So, do not fret if you do not know a word of the other languages.

Most likely, you will get by with just a bagful of Tagalog or Filipino words.

By the way, you can use English in the Philippines. Many Filipinos speak the language quite well.

Filipino, Tagalog – They’re One and the Same

Filipino and Tagalog are actually one and the same language.

It is said that Filipino is a formal reference to Tagalog and has been stated as the official language of the Philippines in the Philippine constitution and international atlas.

In vernacular, however, Filipino people refer to the Filipino language as simply Tagalog.

Tagalog refers to the language spoken in the capital Manila and its Tagalog-speaking surrounding provinces.

So next time you hear Filipino and Tagalog being interchanged, try not to be confused.

They are actually one and the same.

Everyday Filipino Greetings and Expressions

Now, let’s go to the list of greetings and expressions that you can use every day when speaking with jolly Filipinos.

Note: To add courtesy to your expressions, you can use the polite words "po" and "ho".

Common Filipino Expressions and Greetings for Everyday Use

Tagalog or Filipino
Kumusta (po)?
How are you?
Mabuti (po).
Magandang araw (po).
Good day.
Magandang umaga (po).
Good morning.
Magandang tanghali (po).
Good noon.
Magandang hapon (po).
Good afternoon.
Magandang gabi (po).
Good evening.
Pasensiya (po).
Paumahin (po).
Mawalang galang (po).
Pardon (please).
Pwede akong magtanong?
Can I ask a question?
Pwede po akong magtanong?
May I ask a question?
Hindi po.
Hindi ho.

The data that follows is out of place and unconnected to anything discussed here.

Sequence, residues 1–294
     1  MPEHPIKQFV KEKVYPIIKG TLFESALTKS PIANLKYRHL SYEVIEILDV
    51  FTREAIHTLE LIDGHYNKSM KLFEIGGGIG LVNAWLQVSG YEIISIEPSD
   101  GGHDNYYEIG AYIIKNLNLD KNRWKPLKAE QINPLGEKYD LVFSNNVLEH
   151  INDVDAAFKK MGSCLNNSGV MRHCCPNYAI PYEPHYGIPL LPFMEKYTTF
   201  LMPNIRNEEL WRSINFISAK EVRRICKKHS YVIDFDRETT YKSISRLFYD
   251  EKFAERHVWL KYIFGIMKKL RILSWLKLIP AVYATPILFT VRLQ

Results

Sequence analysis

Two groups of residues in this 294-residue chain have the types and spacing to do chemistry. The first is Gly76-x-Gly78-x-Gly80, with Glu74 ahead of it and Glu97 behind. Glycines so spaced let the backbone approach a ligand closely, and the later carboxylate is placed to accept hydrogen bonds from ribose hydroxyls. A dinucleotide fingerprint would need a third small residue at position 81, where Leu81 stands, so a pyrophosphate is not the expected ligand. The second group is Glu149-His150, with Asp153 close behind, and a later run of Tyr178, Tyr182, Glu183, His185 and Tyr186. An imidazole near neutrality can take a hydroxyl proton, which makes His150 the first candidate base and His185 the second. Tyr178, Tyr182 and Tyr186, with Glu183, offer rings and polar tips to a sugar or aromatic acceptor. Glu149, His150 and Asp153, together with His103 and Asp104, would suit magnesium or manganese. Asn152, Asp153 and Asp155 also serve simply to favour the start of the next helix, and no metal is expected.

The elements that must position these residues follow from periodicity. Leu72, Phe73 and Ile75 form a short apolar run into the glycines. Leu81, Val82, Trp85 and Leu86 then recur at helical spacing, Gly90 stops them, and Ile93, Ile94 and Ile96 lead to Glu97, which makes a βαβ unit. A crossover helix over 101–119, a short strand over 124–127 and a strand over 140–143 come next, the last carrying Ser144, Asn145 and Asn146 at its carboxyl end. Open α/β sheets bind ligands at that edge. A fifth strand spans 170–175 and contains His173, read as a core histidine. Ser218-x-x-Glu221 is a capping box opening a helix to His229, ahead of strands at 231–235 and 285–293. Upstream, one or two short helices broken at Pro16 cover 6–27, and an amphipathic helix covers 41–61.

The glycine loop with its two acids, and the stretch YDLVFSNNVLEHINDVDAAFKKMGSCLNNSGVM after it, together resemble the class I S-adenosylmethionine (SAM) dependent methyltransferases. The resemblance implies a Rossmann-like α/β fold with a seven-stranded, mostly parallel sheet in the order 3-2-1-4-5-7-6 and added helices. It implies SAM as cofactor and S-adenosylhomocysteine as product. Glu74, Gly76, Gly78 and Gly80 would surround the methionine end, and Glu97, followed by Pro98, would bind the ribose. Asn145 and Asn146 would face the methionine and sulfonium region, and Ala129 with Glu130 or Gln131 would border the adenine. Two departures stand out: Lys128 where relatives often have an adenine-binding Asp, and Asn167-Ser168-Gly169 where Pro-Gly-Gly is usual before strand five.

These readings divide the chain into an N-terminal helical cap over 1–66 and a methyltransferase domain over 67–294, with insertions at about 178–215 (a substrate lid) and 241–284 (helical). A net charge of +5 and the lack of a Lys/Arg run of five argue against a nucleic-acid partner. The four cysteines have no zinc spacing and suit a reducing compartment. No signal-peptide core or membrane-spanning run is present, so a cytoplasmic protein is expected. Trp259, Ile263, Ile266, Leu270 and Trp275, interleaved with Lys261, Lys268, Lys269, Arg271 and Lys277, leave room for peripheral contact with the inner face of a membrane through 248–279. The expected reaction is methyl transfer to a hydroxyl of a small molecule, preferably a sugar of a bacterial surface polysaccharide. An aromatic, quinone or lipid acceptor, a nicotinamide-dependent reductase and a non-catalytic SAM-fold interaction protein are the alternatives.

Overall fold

Tuloy (po) sila.
(Please) come in.
Anong pangalan mo?
What is your name?
Ako (po) si [name].
I'm [name].
Ang pangalan ko (po) ay [name].
My name is [name].
Saan ka nakatira?
Where do you live?
Nakatira ako sa [place].
I live in [place].
Saan ka nanggaling?
Where did you come from?
Nanggaling (po) ako sa [place].
I came from [place].
Tagasaan ka?
Where do you come from?
Tagasaan po sila?
Saan ka nagpunta?
Where did you go?
Nagpunta (po) ako sa [place].
I went to [place].
Saan ka pupunta?
Where are you going?
Pupunta (po) ako sa [place].
I'm going to [place].
Ilang taon ka na?
How old are you?
Ako ay [age] taong gulang.
I am [age] years old.
Kumain ka na?
Have you eaten?
Kumain ka na ba?
Have you eaten yet?
Kain na tayo.
Let's eat.
Kain tayo.
Kain (po).
Eat (please).
Anong oras na (po)?
What time is it?
Ala una.
One o'clock.
Alas- (dos, tres...).*
(Two, three..) o'clock.*
Salamat (po).
Thank you.
Maraming salamat (po).
Thank you very much.
Walang anuman.
You are welcome.
Wala pong anuman.
Paalam (po)!
Good bye!
Ingat (po).
Be safe.
Balik (po) sila.
(Please) come back.
Balik (po) sila ulit.